Renown Health offers the only Multidisciplinary Pediatric Asthma Program in Northern Nevada|
RENO, Nev. (Aug. 26, 2008) – Approximately seven to 10 percent of children in northern Nevada are affected by asthma each year. To help these children and their parents breathe easier, Renown Health offers the only multidisciplinary pediatric asthma program in northern Nevada.
Held two times a month, on the second and fourth Thursday, children ages two to 18 and their parents learn about the tools they need to manage and understand their asthma. In order to establish a treatment and maintenance plan, each patient is seen by a registered respiratory therapist and Sonia Budhecha, MD, pediatric pulmonologist.
Children seen for the first time undergo a series of non-invasive tests to determine the child’s lung function. Breathing testing and/or exercise testing is done by certified respiratory therapists who also help determine what the patient’s triggers might be. The information gathered in the first visit helps establish a treatment plan for the control of the patient’s asthma.
According to Robert Richard, RRT and certified asthma educator, about half the asthmatic cases seen in the program are allergy related. One patient, five-year-old, Parker Luthy, suffers from allergies, which directly trigger his asthma. His participation in the program is an example of how treatment can greatly improve patient quality of life.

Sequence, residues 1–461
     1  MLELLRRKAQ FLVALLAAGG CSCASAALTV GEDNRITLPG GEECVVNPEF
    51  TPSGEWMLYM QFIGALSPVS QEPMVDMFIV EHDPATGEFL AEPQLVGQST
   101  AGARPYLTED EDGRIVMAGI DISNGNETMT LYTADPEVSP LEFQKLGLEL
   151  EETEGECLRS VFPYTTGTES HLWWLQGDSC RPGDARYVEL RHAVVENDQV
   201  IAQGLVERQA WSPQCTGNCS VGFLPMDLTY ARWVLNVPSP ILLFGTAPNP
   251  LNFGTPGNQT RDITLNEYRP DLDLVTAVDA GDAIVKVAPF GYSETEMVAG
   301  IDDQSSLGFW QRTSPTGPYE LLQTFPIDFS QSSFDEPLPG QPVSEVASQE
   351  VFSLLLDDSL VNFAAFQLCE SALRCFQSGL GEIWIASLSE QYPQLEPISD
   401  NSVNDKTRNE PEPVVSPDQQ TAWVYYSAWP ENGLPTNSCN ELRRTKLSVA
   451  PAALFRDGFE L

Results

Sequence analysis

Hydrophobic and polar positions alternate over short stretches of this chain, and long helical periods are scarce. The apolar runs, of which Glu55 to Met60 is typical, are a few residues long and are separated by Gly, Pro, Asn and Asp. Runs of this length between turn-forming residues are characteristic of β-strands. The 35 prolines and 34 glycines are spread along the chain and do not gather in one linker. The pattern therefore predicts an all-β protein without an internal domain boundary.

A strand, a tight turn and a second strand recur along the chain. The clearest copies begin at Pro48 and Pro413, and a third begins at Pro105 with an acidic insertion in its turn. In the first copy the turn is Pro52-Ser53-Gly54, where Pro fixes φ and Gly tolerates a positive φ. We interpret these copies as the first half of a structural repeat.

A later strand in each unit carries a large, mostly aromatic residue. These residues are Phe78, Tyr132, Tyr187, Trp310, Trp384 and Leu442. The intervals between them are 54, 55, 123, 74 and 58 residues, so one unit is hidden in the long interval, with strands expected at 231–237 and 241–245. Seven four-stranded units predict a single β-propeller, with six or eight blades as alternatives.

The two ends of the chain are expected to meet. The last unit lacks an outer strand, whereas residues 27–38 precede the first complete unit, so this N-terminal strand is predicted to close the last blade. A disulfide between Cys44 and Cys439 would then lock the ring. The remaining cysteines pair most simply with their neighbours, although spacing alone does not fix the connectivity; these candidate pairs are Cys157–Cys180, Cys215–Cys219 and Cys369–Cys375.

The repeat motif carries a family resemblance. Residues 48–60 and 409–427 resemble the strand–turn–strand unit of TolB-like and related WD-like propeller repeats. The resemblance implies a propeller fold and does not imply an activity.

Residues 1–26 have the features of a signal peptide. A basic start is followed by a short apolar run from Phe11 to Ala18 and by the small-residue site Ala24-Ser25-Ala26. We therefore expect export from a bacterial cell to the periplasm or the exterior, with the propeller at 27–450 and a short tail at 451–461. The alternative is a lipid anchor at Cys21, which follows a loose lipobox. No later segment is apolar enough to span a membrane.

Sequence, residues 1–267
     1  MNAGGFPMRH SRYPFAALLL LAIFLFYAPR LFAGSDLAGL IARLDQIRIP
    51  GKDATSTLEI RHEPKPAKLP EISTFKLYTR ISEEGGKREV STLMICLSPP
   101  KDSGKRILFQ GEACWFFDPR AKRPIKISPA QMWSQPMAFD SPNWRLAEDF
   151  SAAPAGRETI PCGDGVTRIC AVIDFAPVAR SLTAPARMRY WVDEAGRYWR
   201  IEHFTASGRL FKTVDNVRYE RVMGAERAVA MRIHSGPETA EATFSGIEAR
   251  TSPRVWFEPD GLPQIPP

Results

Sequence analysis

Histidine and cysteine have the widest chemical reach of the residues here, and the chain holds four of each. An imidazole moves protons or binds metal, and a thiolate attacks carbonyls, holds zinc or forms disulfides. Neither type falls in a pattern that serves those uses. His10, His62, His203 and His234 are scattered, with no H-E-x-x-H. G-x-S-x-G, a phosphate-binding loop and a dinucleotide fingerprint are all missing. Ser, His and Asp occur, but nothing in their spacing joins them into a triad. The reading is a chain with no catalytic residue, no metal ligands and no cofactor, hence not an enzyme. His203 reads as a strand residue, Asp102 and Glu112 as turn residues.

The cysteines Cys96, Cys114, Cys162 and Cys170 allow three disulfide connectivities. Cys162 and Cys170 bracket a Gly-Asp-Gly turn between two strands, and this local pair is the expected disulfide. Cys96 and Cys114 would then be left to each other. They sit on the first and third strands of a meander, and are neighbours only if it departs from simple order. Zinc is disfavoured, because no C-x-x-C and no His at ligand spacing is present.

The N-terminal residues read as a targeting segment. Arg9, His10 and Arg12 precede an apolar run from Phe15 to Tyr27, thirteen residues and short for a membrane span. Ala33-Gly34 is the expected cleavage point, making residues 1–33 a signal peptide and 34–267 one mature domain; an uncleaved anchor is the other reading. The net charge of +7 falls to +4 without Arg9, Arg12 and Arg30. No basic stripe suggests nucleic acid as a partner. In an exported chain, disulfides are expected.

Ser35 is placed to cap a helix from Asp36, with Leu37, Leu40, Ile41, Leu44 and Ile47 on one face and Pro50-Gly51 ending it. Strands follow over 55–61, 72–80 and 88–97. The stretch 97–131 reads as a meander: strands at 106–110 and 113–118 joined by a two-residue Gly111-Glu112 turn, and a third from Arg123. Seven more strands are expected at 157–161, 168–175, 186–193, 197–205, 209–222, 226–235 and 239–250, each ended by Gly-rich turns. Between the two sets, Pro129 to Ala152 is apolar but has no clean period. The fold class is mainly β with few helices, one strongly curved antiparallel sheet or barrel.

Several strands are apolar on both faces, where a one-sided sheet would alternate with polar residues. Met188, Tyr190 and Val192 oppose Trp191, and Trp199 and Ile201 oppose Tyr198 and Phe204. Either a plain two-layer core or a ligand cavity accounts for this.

“At first I didn’t want to believe that Parker was asthmatic,” said Jennifer Luthy, Parker’s mom. “He didn’t have any of the typical wheezing symptoms, but rather a chronic cough. At our first visit we learned coughing is a symptom of his asthma. We were able to establish what his triggers were and how we could manage his asthma through awareness of those triggers. Should he have a flare up we were given medication, which keeps his asthma manageable.”
After his symptoms started up again this summer, due to the smoke from the California wildfires, Parker revisited the program with his mom to find out what additional steps could be taken to maintain his asthma.
“He started soccer this month and is definitely the first one to get tired within the group,” said Jennifer. “Our hope is to find out what changed and get him back on track in doing all the activities he can without experiencing asthmatic symptoms.”
Children who are asthmatic often have a state of inflammation in their lungs as a result of allergies, which reduces their threshold for activities. Finding out what is making the child so allergic and prescribing them with a treatment will greatly reduce symptoms allowing them to live a normal life.
Parker will be going to see an allergy specialist to undergo further allergy testing. In the meantime he received a peak flow meter and medication to manage his symptoms. According to Parker’s mom, his symptoms improved in just a few days.
“Uncontrolled asthma can have long-term damaging effects such as decreased lung function,” said Dr. Budhecha. “While many children can outgrow asthma, we want to help them maintain healthy lung function so they can enjoy activities and go through life un-affected by asthma symptoms.”
Parents who suspect their child may be asthmatic or who simply want to learn more can make an appointment with the Renown Health Pediatric Asthma Program, 982-5073. Renown Health does encourage patients and families to work with their primary care physician prior to scheduling an appointment.